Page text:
Home use of medical devices tops annual hazard list, but coordinated care can help

ECRI COVER storypage

As more medical care shifts to residential settings, patients and families find themselves managing sophisticated equipment originally designed for use by licensed clinicians. The devices often are not user-friendly, especially for lay caregivers or people in poor health left to solve problems on their own.

In Massachusetts, a health system that provides comprehensive medical and social services to elderly people living at home in Cambridge and greater Boston finds that coordinated care can help.

ECRI recently put this challenge at the top of its 2024 list of Top-10 Health Technology Hazards. ECRI, which provides research and risk management guidance to hospitals and technology providers, last year raised awareness of another hazard related to in-home use of medical devices — gaps in notification for medical device recalls, which rarely reach individual consumers.

In-home hazards elude system solutions

Hazards encountered in the home are difficult to address with system solutions. Care is often fragmented, even when provided through an organization, and medical equipment may be supplied by different vendors or, in many cases, patients or their family members.

In a “challenge to industry” issued in the Top-10 list, ECRI urges manufacturers to offer end-user support and make devices more intuitive to use and instructions easier to comprehend. Those improvements may help, but they still depend on the initiative and capabilities of patients and families doing their best with what they have.

Coordinated care offers a safety net

Kate Mooney, Occupational Therapist and Rehabilitation Manager for the PACE program at Cambridge Health Alliance, is well-acquainted with challenges posed by equipment and devices used in the home and has seen how a coordinated team approach to care can help.

PACE stands for Programs of All-inclusive Care for the Elderly, a joint federal and state initiative that provides health care and social services to elderly people living at home; most receive Medicare and/or Medicaid benefits. PACE patients qualify for nursing home care but can safely live in the community with support from a PACE care team. There are eight PACE programs in Massachusetts.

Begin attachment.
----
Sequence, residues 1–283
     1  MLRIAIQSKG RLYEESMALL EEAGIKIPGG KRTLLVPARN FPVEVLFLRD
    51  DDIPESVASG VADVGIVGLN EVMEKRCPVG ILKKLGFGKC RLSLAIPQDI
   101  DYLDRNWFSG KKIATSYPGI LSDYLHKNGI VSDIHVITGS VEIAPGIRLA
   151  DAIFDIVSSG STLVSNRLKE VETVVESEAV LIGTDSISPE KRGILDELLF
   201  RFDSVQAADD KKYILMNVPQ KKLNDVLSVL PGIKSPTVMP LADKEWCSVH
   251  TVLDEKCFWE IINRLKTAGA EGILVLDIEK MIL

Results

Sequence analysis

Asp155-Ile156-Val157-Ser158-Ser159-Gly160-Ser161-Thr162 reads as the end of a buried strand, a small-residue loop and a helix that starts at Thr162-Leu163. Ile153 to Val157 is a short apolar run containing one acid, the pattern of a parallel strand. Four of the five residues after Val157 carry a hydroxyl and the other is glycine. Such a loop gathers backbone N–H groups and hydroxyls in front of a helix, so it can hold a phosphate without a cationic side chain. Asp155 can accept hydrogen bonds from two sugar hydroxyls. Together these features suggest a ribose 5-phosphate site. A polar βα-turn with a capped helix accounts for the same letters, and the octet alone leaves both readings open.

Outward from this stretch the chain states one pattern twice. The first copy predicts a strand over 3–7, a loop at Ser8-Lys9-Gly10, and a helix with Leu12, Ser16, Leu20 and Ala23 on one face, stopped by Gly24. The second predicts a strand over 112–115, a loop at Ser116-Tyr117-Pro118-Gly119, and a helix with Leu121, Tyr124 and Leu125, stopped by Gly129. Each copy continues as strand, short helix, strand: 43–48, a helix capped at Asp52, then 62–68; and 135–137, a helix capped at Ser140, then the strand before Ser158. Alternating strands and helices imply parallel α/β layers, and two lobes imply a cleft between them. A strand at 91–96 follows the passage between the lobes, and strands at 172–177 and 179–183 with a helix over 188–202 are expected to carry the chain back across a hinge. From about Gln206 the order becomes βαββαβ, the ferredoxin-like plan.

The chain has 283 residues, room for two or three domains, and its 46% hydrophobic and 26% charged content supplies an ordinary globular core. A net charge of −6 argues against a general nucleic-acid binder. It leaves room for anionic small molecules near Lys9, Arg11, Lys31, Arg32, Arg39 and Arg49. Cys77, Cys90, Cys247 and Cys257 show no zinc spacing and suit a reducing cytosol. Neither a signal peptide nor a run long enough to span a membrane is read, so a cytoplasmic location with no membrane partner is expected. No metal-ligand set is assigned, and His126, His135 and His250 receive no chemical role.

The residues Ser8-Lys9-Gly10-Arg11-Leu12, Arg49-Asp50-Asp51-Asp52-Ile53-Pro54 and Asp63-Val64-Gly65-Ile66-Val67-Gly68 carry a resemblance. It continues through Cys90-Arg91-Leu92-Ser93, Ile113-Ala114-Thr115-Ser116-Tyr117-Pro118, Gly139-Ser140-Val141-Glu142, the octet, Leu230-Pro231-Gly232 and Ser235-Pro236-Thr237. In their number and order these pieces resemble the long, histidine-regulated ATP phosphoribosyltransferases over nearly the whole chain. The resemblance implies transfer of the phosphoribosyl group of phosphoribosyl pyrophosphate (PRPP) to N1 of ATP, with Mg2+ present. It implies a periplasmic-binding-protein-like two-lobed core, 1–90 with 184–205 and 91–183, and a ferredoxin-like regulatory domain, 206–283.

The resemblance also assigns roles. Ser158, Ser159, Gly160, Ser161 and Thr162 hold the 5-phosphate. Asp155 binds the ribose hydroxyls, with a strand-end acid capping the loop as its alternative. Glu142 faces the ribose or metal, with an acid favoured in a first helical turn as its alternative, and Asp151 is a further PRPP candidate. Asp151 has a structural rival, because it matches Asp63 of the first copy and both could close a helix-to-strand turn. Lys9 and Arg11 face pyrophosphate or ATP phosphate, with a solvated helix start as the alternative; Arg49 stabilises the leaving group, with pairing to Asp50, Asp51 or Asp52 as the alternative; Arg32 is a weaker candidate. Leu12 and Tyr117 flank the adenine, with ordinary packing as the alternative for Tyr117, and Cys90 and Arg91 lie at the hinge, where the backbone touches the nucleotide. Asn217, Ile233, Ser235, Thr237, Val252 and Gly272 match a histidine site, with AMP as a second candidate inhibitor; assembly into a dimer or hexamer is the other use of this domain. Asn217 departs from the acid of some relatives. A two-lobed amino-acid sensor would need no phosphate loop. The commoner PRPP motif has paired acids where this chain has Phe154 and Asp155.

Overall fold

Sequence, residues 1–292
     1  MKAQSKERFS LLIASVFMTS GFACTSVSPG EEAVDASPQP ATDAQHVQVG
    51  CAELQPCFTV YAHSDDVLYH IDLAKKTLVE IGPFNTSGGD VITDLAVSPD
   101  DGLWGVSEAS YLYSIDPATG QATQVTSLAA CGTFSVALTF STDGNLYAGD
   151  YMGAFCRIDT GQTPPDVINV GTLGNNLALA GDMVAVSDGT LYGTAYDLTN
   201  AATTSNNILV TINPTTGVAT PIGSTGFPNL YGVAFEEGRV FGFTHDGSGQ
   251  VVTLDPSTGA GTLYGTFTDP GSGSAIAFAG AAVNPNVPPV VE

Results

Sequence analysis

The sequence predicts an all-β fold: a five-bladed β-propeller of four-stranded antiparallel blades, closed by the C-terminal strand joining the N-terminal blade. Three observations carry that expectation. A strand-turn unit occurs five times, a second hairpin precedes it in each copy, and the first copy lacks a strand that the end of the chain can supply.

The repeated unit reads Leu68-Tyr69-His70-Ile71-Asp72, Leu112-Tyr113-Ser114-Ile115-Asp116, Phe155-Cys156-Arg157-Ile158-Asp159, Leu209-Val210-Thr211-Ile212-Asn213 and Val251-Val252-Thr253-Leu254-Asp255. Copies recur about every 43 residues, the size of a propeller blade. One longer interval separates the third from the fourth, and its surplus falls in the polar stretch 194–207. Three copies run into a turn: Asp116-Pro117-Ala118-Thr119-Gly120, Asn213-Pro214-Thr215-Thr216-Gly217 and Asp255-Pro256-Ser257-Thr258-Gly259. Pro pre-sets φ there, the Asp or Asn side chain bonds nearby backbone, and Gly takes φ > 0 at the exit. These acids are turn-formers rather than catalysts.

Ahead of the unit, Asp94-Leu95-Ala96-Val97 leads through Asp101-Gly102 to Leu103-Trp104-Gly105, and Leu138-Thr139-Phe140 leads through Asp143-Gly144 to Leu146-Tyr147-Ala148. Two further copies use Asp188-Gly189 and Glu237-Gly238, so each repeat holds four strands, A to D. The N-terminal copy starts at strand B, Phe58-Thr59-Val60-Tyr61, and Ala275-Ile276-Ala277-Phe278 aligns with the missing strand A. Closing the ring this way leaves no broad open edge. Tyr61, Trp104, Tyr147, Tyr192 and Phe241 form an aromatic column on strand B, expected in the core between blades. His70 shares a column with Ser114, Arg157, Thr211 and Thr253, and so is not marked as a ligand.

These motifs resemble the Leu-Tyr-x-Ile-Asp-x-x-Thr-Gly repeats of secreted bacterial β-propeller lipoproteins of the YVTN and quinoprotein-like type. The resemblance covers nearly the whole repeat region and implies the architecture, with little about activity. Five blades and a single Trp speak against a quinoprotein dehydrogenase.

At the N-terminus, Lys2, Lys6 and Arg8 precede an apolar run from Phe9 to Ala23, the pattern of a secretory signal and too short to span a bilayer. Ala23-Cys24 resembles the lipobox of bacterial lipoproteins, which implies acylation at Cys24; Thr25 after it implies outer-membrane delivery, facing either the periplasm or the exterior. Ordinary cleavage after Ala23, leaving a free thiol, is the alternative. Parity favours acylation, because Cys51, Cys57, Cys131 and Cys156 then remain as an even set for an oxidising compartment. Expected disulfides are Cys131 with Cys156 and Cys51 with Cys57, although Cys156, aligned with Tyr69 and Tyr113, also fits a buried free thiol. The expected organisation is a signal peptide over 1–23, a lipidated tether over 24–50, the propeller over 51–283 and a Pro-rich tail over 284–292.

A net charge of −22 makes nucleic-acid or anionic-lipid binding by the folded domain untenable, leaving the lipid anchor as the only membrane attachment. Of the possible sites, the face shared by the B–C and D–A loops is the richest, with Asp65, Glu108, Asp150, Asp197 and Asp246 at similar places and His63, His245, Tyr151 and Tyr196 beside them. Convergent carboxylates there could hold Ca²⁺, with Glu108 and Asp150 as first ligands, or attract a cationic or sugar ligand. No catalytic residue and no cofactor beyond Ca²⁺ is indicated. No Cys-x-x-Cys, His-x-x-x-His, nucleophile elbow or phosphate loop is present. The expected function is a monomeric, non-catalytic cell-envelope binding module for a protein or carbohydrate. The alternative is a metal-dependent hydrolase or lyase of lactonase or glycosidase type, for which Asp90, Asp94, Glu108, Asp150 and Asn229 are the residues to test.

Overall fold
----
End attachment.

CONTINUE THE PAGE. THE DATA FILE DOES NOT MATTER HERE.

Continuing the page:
CHA’s PACE team uses several strategies to mitigate equipment issues:

  • All durable medical equipment orders from PACE providers for in-home use are processed by the rehabilitation department.
  • Patients’ homes are regularly checked for known safety hazards and equipment is tested annually.
  • Medical providers use a shared electronic health record system for communication.
  • Education and training for staff is standardized.
  • Individualized training for patients, family members or home health aides is provided on-site in patients’ homes as needed.

Mooney says that because she knows PACE patients and their living arrangements, she can sometimes anticipate problems when processing equipment orders.

Recalling an order for an in-tub sitting bench, Mooney says, “I knew it wouldn’t fit in the patient’s bathroom because I'd been in that building seeing other patients. It was nice to be able to say, ‘It has to be this other tub bench. I know it will fit in the tub and be safe for the patient.’”

Mooney suggests that knowing what will work best for individual patients is an advantage of the PACE approach. “It's a preventative care model, which I think speaks to the safety issues,” she says. “We're going in preventatively, trying to figure out the safety risks before they happen. We try to fix them and problem solve in real-time, with and for the person in front of us.”


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